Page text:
This is not only the first egg salad I have ever made, but it is in fact the fist egg salad I have ever eaten.  My mom never made it growing up, and I’ve always been kinda hesitant to buy a sandwich in which I couldn’t regulate the amount of mayo mixed in.  I’m very particular when it comes to mayo, you see.  I’ve worked in restaurants, I’ve seen the industrial sized mayonnaise they use.  It says “extra thick” on it.  It looks like white cement.  I don’t know about you, but that kinda grosses me out.  Although I have to make an embarrassing confession: when I was young, I used to eat mayo spread on a tortilla… which I every so often will still have to the utter disgust of my boyfriend Derek.  I can’t help it!  It’s like being 6 years old again, that warm and safe feeling of your mom making you a snack in the kitchen.  It’s nostalgic, dammit!  But other than that culinary quirk, I don’t really use the mayo.  And if I do, like for tuna or potato salad for instance, I’m assured to use the good kind and at a not-so-lethal amount.

A couple of years ago, while watching Tyler Florence on the Food Network.  He was making this impeccable halibut fish sandwich, stacked high with oven baked and panko-breaded halibut, fresh tomatoes, avocado, arugula, and smeared in this delicate herb mayo.  Well, watching that episode made me drool like my bulldog and I knew I had to make this recipe ASAP.  And I did.  And it was amazing.  Messy, but totally amazing.  I gotta take a picture next time I make it so I can post it.  But what I really took from the recipe was the herb mayo.  I make it pretty often and put it on tons of stuff; sandwiches, turkey burgers, whatever.  It’s delicious.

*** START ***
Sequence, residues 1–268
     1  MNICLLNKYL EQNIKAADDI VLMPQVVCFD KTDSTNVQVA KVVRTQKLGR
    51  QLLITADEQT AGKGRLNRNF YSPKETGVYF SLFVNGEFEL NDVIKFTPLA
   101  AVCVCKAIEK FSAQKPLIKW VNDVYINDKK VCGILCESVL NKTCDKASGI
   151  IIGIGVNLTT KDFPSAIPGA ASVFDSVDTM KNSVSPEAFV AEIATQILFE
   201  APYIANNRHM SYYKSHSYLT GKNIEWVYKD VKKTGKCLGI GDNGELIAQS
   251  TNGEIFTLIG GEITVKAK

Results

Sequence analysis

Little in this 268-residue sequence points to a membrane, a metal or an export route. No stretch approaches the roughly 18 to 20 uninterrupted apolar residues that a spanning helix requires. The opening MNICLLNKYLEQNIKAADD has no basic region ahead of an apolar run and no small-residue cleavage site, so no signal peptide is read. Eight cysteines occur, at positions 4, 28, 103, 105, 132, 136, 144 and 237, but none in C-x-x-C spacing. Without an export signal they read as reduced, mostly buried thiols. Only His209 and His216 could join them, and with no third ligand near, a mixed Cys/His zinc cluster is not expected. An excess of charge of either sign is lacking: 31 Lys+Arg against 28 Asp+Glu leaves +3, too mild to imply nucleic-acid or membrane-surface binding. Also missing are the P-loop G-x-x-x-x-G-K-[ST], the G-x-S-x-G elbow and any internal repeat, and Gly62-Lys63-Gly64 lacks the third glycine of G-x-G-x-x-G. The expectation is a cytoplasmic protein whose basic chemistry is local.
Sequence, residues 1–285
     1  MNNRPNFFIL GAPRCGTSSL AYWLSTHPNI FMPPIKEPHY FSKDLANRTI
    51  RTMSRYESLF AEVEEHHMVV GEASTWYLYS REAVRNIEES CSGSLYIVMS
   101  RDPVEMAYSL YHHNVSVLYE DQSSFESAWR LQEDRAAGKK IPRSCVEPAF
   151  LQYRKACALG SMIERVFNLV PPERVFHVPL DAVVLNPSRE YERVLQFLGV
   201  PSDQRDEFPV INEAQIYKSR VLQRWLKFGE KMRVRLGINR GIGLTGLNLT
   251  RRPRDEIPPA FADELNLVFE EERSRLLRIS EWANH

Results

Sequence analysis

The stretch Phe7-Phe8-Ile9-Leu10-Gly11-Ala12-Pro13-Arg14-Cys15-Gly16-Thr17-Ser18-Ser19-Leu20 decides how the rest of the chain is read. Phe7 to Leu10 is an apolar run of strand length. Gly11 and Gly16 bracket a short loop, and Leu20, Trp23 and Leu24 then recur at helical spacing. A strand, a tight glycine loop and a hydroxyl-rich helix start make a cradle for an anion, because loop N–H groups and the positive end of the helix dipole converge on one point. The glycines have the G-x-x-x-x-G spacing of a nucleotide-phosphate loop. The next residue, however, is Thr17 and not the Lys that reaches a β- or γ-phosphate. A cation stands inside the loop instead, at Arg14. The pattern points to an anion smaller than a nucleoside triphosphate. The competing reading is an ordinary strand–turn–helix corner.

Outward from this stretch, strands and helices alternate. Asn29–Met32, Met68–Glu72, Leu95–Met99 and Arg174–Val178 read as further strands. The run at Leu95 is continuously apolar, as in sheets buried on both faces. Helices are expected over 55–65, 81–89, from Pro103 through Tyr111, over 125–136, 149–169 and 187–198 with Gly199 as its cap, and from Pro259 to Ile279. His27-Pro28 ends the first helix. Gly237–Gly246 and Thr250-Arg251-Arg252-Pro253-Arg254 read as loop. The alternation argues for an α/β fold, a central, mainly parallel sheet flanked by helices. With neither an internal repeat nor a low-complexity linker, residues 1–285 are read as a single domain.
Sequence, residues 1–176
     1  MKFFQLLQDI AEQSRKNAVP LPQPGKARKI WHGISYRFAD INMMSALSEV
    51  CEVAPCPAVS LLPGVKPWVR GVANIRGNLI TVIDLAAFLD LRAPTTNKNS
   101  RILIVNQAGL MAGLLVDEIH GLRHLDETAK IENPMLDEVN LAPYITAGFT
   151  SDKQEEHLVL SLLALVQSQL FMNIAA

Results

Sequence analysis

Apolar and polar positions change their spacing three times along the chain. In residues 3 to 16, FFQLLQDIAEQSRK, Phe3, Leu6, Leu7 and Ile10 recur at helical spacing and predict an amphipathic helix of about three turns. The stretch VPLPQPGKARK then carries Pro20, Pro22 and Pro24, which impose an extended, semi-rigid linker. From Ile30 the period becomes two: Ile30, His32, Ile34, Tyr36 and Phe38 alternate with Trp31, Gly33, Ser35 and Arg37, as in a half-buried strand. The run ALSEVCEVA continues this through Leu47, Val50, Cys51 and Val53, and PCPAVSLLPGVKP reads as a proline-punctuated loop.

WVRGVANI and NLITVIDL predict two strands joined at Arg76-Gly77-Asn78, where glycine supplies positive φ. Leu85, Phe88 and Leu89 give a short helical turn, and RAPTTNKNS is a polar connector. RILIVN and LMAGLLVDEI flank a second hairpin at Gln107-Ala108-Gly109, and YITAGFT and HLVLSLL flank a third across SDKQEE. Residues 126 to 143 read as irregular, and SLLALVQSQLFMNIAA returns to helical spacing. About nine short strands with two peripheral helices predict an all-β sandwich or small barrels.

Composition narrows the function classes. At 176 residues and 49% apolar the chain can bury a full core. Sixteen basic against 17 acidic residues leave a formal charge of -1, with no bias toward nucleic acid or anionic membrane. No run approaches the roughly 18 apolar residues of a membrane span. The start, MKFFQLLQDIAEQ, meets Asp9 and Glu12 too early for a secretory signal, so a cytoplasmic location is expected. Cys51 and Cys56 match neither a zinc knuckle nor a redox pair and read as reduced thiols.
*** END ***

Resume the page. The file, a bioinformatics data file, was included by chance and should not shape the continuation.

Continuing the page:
Oh, and let me drop this bomb on you.  I’ve been using Grape Seed Oil Vegenaise.  Yup, and it tastes damn good people.  I can’t even tell the difference and it so much better for you.  Thanks to Derek and Ross for convincing me to try it, especially since I was so skeptical at first.  I am no vegan.  Not that there’s anything wrong with that, it’s just that a life without cheese, or seafood, or meat is just not a life for me, no matter how healthy or righteous it may be.  But this stuff, the Vegenaise, is legit.  And it works perfectly for the herb mayo I’ve been making.  Fresh chives, basil, and Italian parsley mixed in with the mayo, about a tablespoon of fresh lemon juice and salt and pepper to taste and there you have it.  Fancy up that boring ole turkey or egg salad sandwich with this for a change!

Egg Salad with Herb Mayo

  • 2-4 hard boiled eggs
  • 1 tablespoon fresh chives, chopped
  • 1 tablespoon fresh basil, chopped
  • 1 tablespoon fresh Italian parsley, chopped
  • 1 tablespoon fresh lemon juice
  • 1 teaspoon lemon zest (optional)
  • 1 cup mayonnaise
  • s&p

Foolproof way to hard boil eggs: put 2-4 (or however many eggs you’re making) in a pot and cover with water.  Over medium high to high heat bring to a boil.  Immediately cover, and take off heat.  Let sit in the hot water for 15 minutes.  Drain and run cool water over the eggs.  Then peel.

For the herb mayo: combine the herbs, lemon juice and zest and mayo in a bowl.  Salt and pepper to taste.  Set aside for at least 10 minutes before using so the flavors can meld.  Refrigerate what you don’t use.

Rough chop the hard boiled eggs.  In a bowl, combine the eggs and about a tablespoon of the herb mayo for every two eggs.  Add more or less to your liking.  Salt and pepper to taste.  Sprinkle with extra chives or parsley.

Serves 1-2